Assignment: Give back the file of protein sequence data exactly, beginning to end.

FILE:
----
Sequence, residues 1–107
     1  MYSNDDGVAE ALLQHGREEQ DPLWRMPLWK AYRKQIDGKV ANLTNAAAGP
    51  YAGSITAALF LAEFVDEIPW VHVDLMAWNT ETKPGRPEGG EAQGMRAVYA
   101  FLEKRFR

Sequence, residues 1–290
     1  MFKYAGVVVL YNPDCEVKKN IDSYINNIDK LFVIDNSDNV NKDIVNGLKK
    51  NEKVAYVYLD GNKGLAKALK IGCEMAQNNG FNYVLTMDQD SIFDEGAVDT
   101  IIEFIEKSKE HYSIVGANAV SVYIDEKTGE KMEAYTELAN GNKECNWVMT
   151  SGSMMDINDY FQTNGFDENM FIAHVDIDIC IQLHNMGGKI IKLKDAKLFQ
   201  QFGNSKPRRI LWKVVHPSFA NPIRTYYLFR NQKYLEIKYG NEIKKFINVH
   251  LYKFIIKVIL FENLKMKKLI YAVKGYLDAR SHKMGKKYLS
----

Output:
Sequence, residues 1–107
     1  MYSNDDGVAE ALLQHGREEQ DPLWRMPLWK AYRKQIDGKV ANLTNAAAGP
    51  YAGSITAALF LAEFVDEIPW VHVDLMAWNT ETKPGRPEGG EAQGMRAVYA
   101  FLEKRFR

Sequence, residues 1–290
     1  MFKYAGVVVL YNPDCEVKKN IDSYINNIDK LFVIDNSDNV NKDIVNGLKK
    51  NEKVAYVYLD GNKGLAKALK IGCEMAQNNG FNYVLTMDQD SIFDEGAVDT
   101  IIEFIEKSKE HYSIVGANAV SVYIDEKTGE KMEAYTELAN GNKECNWVMT
   151  SGSMMDINDY FQTNGFDENM FIAHVDIDIC IQLHNMGGKI IKLKDAKLFQ
   201  QFGNSKPRRI LWKVVHPSFA NPIRTYYLFR NQKYLEIKYG NEIKKFINVH
   251  LYKFIIKVIL FENLKMKKLI YAVKGYLDAR SHKMGKKYLS